Seamless, in the round knitting is great, but the one part about it that often stresses people out is the “join to work in the round, making sure not to twist stitches” part! We’ve all been there, right? You cast-on all your stitches, you check and double-check to make sure you don’t have any twists, but sure enough a round or two in and you discover you did in fact have a twist – arggghhh. This most often happens when you have a lot of cast-on stitches (such as for a long cowl our pullover) as it can be trickier to catch a twist with that many stitches. If you have ever been frustrated by this, I have a tip you can try!
Here’s a tip I learned years ago (from my good friend Suzie!)
Twists happen because, depending on the type of yarn you’re using, it can be tricky to tell if the stitches are all going in the same direction. But if you have a little more fabric on the needles, it helps to keep the stitches all going in the same direction. So here’s the tip – knit 1 row before you join!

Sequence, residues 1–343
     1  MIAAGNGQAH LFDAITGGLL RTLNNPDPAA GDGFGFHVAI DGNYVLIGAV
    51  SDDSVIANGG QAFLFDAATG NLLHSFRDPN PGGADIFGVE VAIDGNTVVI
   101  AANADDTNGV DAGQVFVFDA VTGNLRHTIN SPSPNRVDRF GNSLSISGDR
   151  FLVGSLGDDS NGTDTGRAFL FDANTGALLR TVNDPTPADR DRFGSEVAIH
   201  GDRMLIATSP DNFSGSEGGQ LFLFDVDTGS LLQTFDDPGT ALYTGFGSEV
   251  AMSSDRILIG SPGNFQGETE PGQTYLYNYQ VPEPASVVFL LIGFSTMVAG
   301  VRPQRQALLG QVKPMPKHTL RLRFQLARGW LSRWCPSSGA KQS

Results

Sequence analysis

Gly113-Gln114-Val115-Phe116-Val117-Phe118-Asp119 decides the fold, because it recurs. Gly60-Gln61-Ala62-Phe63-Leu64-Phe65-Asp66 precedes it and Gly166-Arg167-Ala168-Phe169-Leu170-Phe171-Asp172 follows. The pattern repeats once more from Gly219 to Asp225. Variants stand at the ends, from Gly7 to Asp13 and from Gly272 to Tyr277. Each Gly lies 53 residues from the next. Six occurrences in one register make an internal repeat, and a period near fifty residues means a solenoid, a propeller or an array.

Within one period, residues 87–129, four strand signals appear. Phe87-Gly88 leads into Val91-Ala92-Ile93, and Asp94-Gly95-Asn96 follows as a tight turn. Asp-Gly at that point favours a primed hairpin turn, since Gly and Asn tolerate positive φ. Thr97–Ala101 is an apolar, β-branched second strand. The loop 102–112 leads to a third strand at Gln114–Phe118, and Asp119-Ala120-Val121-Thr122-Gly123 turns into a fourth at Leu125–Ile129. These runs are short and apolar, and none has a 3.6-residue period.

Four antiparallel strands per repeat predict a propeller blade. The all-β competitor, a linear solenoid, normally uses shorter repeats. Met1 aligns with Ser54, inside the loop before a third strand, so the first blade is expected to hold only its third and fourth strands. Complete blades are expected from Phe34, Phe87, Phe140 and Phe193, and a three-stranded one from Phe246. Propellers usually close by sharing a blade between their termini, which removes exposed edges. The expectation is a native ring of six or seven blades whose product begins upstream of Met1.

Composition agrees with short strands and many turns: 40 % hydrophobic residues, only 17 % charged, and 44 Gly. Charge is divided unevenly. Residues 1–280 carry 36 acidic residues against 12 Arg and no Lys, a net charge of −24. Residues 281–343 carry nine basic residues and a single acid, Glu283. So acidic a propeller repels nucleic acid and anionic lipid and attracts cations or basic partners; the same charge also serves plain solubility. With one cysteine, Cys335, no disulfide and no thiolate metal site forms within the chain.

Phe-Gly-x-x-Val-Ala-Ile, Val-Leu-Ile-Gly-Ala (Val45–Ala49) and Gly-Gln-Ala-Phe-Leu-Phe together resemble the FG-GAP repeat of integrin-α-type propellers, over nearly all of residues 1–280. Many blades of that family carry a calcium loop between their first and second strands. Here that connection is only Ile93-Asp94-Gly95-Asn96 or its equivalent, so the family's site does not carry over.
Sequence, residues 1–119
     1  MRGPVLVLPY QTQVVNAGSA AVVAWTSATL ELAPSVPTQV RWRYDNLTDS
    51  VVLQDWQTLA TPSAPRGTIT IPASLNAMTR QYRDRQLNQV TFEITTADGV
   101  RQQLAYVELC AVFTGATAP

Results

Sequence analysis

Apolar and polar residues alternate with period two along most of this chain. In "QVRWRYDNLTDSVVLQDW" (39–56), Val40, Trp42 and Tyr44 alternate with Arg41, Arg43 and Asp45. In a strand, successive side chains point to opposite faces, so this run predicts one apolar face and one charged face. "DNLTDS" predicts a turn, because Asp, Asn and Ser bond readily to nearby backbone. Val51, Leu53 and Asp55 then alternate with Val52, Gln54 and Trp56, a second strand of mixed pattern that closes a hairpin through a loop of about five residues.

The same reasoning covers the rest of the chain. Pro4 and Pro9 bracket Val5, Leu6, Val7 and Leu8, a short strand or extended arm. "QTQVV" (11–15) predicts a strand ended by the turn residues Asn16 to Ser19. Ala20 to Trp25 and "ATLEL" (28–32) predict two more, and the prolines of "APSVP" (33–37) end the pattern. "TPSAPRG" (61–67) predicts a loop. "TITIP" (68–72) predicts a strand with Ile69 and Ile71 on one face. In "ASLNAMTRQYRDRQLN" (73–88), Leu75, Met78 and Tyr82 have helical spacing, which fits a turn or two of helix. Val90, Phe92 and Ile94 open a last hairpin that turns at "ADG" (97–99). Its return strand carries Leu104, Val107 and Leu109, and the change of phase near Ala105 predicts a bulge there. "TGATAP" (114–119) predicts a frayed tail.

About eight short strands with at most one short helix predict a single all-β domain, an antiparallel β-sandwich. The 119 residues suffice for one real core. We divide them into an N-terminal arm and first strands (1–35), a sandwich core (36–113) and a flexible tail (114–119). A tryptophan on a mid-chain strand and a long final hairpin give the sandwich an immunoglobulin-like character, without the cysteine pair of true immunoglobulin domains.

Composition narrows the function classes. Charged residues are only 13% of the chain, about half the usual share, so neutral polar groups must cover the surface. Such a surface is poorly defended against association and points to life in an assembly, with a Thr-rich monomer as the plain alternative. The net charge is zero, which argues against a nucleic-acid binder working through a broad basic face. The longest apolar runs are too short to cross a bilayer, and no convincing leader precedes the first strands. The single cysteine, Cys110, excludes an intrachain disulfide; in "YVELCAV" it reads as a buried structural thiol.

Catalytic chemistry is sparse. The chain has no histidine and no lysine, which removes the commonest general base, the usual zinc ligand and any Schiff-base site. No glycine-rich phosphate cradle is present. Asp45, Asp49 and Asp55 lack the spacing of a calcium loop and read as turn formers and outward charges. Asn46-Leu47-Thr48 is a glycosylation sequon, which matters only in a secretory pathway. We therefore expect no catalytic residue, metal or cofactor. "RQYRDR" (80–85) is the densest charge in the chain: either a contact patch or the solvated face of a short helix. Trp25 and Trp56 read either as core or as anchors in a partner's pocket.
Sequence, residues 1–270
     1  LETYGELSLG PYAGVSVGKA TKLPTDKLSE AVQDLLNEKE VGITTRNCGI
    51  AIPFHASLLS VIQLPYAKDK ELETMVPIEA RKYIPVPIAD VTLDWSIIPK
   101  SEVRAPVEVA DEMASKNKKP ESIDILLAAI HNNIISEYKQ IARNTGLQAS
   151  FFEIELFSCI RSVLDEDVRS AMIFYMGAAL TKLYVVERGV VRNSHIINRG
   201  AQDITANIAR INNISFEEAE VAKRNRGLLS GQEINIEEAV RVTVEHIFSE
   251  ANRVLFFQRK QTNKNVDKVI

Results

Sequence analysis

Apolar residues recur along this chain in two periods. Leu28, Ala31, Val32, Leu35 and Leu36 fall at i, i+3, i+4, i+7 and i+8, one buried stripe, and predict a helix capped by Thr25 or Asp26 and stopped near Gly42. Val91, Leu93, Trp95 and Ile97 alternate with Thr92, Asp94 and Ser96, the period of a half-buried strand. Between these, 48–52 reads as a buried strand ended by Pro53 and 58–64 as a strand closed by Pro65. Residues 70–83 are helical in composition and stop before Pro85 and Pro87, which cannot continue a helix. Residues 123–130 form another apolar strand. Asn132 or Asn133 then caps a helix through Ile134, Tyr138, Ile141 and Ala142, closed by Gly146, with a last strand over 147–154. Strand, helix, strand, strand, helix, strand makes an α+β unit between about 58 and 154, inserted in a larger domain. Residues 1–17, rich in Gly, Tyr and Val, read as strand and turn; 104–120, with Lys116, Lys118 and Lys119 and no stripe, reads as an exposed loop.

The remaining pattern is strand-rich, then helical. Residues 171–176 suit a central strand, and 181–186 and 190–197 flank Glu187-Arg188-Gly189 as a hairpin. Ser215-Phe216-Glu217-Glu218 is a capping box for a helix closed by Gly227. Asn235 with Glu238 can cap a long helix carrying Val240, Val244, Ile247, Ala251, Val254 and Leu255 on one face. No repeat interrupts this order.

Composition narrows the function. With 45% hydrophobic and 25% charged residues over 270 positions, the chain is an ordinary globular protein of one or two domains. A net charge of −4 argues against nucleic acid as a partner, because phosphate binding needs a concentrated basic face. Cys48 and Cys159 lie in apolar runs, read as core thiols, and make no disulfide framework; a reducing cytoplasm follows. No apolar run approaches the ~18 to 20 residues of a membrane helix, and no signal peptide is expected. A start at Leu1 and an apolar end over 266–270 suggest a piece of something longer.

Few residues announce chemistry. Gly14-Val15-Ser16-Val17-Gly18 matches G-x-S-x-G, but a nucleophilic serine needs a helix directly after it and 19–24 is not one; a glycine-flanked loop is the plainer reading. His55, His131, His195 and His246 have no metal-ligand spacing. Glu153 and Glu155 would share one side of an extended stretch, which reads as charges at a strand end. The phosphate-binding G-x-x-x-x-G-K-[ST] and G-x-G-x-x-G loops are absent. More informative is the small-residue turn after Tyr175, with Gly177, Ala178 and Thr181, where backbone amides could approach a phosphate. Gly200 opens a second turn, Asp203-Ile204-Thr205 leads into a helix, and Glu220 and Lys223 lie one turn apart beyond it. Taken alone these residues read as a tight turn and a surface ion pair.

After you cast-on all of your stitches (making sure you have a nice length tail leftover, at least 5-6″), do not join right away – knit a row instead:
After you knit 1 row, it will look like this (do not turn work):
Now, you can better see if any of your stitches are twisted! The work lays a lot flatter now so it would be much more obvious if you had a twist. Without turning the work, go ahead and place your marker on the right needle and you can more confidently join for working in the round!
By knitting 1 row before you join, you may be asking – doesn’t that leave a gap at the beginning of the round? Well, yes – but it’s small and easily cinched up with your leftover tail (this is why I mentioned at the beginning to make sure you have a decent length tail).
Lastly, what if your pattern has a stitch pattern to it? For example, if you are knitting my Capo Pullover, you work in a k2,p2 ribbing for the bottom border. In that case, you would still work in the same stitch pattern. You’re basically just working the first round of the pattern before you join instead of joining first and then working the first round. Feel free to reach out if you have any questions though – I’m always glad to help! And a special thank you to my friend Suzie (who I worked with at KnitWit Yarn Shop for many, many years!) – she told me about this trick years ago and it’s such a great tip!